Newcastle United have finally won something.
No, not a cup. A match.
It felt like we’d won something much, much bigger though.
Since August, we’ve watched some of the worst football we’ve ever seen played in a black and white shirt. Then, over the past month and a half, we’ve seen improvements, but we still ultimately fell short.
Ciaran Clark getting sent off after nine minutes against Norwich was possibly the most Newcastle United thing I’ve ever witnessed. So many matches have felt like a kick in the gut, but that felt like a rigger boot to the face.
We really could have done with killing off Saturday’s match with a second goal, because it was so nervy at the end. But that feeling of elation at the final whistle was unrivalled.
I’m not ashamed to say I burst into tears when it went off.
For a fanbase that supposedly expects nothing less than the Champions League every season, we celebrated one paltry win quite spectacularly.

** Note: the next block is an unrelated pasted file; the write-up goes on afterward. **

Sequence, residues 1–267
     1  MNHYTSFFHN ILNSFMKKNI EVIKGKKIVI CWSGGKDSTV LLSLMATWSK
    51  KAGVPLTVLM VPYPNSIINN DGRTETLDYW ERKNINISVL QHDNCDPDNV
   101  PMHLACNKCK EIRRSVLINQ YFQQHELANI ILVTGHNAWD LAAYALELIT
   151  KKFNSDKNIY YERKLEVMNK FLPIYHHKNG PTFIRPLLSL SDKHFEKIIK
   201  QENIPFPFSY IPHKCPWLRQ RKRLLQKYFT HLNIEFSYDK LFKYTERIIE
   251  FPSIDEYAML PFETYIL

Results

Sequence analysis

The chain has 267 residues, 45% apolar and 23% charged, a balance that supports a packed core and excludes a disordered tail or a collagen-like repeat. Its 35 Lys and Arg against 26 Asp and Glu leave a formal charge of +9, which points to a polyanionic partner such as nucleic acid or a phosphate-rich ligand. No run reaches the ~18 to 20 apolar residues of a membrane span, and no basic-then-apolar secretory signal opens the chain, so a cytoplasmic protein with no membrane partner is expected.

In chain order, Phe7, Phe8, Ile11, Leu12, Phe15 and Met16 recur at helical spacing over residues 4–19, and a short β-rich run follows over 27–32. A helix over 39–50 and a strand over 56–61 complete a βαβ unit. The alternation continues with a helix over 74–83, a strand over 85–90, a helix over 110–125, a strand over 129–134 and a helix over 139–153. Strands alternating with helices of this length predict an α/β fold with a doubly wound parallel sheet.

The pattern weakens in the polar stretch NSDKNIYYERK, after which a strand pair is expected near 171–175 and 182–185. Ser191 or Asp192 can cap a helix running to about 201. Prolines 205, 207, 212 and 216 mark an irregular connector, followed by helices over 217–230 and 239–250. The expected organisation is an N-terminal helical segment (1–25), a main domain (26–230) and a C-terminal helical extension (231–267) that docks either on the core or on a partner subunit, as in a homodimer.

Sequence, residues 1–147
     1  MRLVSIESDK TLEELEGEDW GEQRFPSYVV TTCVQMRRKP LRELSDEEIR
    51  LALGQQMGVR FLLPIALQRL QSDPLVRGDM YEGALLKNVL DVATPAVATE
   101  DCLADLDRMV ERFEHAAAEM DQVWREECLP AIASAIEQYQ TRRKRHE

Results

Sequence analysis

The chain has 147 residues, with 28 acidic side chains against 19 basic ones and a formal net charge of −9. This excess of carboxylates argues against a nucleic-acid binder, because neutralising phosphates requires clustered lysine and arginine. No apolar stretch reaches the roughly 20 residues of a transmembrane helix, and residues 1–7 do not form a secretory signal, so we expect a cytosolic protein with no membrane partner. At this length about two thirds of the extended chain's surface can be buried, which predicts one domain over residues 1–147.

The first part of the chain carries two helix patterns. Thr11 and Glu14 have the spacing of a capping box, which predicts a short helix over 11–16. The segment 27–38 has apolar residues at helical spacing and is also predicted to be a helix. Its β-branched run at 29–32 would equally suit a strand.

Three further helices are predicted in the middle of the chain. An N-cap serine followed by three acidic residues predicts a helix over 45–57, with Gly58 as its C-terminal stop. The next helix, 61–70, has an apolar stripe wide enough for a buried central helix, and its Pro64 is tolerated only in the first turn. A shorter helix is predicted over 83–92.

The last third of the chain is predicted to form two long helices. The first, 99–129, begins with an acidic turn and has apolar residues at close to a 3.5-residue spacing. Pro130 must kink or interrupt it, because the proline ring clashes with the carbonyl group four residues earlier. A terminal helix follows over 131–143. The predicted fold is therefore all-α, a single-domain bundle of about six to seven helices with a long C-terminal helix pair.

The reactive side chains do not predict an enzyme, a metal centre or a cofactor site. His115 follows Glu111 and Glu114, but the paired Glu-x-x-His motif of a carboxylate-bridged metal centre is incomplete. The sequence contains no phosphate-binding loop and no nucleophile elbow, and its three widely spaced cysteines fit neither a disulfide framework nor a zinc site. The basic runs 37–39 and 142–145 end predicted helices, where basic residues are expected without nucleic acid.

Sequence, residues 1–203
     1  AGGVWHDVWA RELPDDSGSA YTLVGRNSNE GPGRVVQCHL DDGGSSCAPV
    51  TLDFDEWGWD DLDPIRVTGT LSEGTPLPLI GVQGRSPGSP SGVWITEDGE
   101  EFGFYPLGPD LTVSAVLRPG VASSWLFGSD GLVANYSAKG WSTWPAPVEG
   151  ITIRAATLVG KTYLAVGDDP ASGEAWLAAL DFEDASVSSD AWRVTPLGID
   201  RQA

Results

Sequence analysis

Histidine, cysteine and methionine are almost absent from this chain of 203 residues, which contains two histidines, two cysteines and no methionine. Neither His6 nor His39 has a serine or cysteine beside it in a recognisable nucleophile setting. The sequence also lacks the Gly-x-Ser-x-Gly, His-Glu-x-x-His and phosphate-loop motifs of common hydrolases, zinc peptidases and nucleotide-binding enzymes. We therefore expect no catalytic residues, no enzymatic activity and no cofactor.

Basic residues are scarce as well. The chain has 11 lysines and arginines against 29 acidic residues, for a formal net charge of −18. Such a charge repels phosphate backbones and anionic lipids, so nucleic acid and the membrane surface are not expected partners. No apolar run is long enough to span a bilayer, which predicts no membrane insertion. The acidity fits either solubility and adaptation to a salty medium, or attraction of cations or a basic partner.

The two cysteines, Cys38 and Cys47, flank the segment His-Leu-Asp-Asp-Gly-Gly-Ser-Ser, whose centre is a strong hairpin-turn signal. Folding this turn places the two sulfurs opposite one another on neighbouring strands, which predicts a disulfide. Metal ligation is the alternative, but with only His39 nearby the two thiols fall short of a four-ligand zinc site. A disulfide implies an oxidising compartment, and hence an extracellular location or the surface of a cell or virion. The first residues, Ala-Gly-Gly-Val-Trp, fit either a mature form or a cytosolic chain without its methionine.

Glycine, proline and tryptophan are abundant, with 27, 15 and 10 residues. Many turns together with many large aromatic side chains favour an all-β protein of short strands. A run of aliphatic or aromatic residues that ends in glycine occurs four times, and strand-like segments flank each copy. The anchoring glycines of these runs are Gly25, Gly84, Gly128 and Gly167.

That photo in the dressing room after the match was the second most Newcastle United thing I’ve ever seen. The lap of honour is up there too. And suddenly the people who were telling us our expectations are too high were calling us tinpot.
Funny, that. But I couldn’t care less.
This club feels special right now. It took almost four months to get our first win, and yet every week we’re singing our hearts out louder than ever. I’m excited to go to the match again. I can’t get enough of listening to our manager’s interviews and press conferences. It’s a stark difference to just two months ago.
The crowds at St James are finally back to their best. We’re loud and unashamed. We’re singing songs I’ve only ever heard at away games. We’re buzzing all the time, and yet we didn’t get a win until yesterday.
There’s still a decent chance we’ll go down. We’re technically three points from safety, but we’ve got an awful run-in. That said, I think we can get something at Leicester.
I don’t want us to go down. Getting relegated now is a less horrifying prospect than it was two months ago, when we all knew we wouldn’t bounce straight back up at the third attempt. Now, I think we will, and we’ll all be there cheering them on.
It’ll be but a blip in what’s sure to be an exciting journey if the worst does happen.
This feels like a city that’s united. A club that’s united. Graeme Jones got it right when he said it’s where we’d end up under a new manager.
Here’s to scrappy Newcastle United on our uphill battle. I’ll never forget Saturday’s celebrations for as long as I live.